Pilgrims undertaking Umrah during Ramadan must be vaccinated against the coronavirus or otherwise immune, Saudi Arabia announced on Monday, reversing a statement that pilgrims will not need to be inoculated.
Permits to perform Umrah will be granted to applicants who can demonstrate immunity from the virus.
This includes having had two doses of vaccine, having received one dose at least 14 days prior to arrival, or having recovered from the virus, the Hajj and Umrah Ministry told the Saudi state news agency.
Scientific studies suggested that those who were infected can be protected from reinfection for a limited period of time. The strength of the immune response and the length of time that the protection lasts can vary.
Pilgrims looking to perform Umrah this year must use either the Umrah or Tawakolna mobile apps to submit their coronavirus documents.
Reservations can also be made through these apps to ensure capacity is not exceeded.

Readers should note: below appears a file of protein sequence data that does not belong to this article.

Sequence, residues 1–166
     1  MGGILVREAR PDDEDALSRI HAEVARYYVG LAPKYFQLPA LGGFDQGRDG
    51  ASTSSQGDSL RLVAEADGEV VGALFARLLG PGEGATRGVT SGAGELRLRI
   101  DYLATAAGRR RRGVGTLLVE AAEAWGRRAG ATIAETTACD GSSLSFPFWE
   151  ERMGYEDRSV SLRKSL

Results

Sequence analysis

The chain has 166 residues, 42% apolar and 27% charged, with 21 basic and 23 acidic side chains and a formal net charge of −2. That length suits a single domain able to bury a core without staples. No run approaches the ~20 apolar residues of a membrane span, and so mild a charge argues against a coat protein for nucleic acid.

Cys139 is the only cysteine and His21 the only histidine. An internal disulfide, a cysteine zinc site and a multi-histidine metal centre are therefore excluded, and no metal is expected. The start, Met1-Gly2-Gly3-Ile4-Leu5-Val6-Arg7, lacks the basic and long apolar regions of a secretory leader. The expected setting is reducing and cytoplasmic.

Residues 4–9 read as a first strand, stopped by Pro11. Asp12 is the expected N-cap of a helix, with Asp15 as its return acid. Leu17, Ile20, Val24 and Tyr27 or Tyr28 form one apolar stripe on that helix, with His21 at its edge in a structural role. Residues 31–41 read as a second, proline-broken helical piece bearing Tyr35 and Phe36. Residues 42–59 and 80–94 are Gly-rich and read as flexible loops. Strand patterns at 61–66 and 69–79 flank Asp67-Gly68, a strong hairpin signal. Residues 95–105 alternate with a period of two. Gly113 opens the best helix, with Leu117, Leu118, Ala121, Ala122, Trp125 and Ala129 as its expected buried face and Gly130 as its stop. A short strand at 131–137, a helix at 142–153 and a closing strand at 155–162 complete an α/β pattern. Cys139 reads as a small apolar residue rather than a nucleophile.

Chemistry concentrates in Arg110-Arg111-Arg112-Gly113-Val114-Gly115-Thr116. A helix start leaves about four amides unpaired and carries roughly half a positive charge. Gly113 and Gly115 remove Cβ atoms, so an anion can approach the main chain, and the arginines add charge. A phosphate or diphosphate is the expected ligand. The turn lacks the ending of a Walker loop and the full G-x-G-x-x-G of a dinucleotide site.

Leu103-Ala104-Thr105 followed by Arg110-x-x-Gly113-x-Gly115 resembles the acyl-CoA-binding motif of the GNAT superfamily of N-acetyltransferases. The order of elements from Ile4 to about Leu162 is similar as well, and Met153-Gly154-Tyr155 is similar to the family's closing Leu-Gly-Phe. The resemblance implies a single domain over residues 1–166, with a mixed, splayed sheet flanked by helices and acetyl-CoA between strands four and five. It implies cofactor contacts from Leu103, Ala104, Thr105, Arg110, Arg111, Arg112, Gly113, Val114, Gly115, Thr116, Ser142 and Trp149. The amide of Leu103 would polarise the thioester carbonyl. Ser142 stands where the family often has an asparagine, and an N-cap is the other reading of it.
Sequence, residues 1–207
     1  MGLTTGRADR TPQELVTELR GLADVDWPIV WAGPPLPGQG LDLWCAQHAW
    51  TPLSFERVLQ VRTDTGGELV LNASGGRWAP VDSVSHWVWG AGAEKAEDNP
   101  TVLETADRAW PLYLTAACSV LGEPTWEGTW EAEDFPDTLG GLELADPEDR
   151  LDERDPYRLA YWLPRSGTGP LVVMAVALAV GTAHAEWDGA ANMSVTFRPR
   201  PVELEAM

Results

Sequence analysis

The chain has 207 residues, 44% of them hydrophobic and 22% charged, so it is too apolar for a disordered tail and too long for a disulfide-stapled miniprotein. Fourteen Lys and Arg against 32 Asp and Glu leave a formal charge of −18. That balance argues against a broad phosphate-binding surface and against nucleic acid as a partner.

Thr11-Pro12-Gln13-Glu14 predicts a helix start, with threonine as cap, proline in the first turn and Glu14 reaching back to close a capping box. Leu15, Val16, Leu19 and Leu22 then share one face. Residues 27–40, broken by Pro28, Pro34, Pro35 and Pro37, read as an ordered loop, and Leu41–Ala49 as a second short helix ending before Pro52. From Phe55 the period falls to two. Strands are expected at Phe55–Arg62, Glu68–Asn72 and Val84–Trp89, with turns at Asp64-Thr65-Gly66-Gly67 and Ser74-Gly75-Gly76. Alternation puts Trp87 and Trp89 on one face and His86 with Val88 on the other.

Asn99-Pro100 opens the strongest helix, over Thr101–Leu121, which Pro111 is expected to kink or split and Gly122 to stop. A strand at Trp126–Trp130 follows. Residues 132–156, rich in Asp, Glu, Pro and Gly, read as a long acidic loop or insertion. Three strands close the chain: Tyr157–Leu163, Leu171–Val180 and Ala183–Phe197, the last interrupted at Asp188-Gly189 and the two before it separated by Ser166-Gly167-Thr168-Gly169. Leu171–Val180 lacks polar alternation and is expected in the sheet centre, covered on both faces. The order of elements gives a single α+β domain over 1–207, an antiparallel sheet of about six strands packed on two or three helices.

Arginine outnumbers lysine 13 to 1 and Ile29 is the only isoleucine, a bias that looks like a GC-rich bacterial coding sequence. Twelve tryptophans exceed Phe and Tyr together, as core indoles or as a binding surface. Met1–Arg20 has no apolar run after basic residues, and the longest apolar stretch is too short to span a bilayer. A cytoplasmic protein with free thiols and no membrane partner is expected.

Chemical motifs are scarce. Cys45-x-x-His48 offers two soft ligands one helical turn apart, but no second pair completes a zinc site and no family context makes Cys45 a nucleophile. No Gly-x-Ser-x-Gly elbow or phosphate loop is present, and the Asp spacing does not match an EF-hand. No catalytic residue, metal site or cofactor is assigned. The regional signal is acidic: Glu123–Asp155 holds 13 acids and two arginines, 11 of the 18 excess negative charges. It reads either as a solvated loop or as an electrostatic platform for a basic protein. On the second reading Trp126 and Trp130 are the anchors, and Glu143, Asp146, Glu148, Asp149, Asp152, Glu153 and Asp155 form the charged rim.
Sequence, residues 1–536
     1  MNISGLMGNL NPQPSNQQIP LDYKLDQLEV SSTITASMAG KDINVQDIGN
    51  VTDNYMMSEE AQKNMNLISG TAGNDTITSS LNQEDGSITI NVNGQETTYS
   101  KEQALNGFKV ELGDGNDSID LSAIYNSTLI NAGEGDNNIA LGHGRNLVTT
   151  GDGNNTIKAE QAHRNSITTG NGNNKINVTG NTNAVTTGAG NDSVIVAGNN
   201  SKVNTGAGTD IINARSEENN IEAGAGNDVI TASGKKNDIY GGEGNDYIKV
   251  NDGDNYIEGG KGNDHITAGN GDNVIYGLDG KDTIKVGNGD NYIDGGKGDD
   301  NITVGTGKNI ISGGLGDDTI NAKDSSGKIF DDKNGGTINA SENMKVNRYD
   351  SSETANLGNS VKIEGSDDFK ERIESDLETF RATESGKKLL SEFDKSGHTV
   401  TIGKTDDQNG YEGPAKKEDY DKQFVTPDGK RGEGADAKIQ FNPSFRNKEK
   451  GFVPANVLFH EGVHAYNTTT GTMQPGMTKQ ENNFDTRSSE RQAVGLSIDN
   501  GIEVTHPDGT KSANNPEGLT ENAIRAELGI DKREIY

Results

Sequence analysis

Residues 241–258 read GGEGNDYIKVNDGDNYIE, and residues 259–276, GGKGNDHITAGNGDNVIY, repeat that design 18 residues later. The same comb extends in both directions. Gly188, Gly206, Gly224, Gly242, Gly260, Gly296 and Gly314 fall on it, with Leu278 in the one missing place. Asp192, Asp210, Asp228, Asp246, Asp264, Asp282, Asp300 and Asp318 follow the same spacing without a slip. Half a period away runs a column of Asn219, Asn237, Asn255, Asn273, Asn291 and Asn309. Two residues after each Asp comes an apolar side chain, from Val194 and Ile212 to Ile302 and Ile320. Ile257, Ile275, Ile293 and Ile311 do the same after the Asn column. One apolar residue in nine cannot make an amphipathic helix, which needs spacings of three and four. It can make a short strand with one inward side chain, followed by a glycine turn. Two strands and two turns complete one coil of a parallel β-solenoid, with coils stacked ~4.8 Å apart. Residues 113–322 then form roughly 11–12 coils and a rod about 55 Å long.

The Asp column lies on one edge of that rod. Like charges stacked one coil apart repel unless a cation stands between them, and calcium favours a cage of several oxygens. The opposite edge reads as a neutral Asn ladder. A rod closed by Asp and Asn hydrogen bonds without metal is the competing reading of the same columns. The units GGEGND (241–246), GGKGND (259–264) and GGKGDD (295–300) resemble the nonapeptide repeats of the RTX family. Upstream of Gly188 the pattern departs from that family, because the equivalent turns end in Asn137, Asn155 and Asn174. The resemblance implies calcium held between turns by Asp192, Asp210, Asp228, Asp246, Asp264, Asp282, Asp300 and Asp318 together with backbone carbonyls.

The ministry said only these two apps can be used and told pilgrims to avoid unauthorised or fake websites.
Those working in the Hajj and Umrah sectors must be vaccinated before the start of Ramadan, the ministry previously said.
Employees who are not vaccinated must provide a negative PCR test result every seven days, in line with broader rules brought in across the kingdom’s hospitality and services industries.
Authorities said they will intensify inspections during the holy month to ensure that the public is complying with social distancing measures.
On Tuesday, Saudi Arabia directed all mosques across the country to suspend Iftar, Suhoor and I'tikaf, in a bid to prevent the spread of Covid-19.
Minister of Islamic Affairs Abdullatif Al Sheikh said that the often large gatherings to break fast during the holy month will not be taking place inside mosques this year.
The preventative and precautionary measures are being taken to prevent further outbreaks of the virus, he said.
Saudi Arabia reported 695 new Covid-19 infections on Monday, with seven deaths and 489 recoveries.